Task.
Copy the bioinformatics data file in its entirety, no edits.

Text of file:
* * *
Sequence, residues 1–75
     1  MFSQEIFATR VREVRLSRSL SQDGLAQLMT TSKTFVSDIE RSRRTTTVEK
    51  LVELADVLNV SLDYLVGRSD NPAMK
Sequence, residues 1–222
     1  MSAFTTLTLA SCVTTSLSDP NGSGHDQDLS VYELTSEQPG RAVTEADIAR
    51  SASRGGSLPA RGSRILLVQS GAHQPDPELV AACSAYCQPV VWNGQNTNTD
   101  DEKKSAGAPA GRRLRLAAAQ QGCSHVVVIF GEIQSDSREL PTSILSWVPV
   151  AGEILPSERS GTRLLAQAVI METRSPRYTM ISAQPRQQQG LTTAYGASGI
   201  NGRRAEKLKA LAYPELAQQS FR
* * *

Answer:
Sequence, residues 1–75
     1  MFSQEIFATR VREVRLSRSL SQDGLAQLMT TSKTFVSDIE RSRRTTTVEK
    51  LVELADVLNV SLDYLVGRSD NPAMK
Sequence, residues 1–222
     1  MSAFTTLTLA SCVTTSLSDP NGSGHDQDLS VYELTSEQPG RAVTEADIAR
    51  SASRGGSLPA RGSRILLVQS GAHQPDPELV AACSAYCQPV VWNGQNTNTD
   101  DEKKSAGAPA GRRLRLAAAQ QGCSHVVVIF GEIQSDSREL PTSILSWVPV
   151  AGEILPSERS GTRLLAQAVI METRSPRYTM ISAQPRQQQG LTTAYGASGI
   201  NGRRAEKLKA LAYPELAQQS FR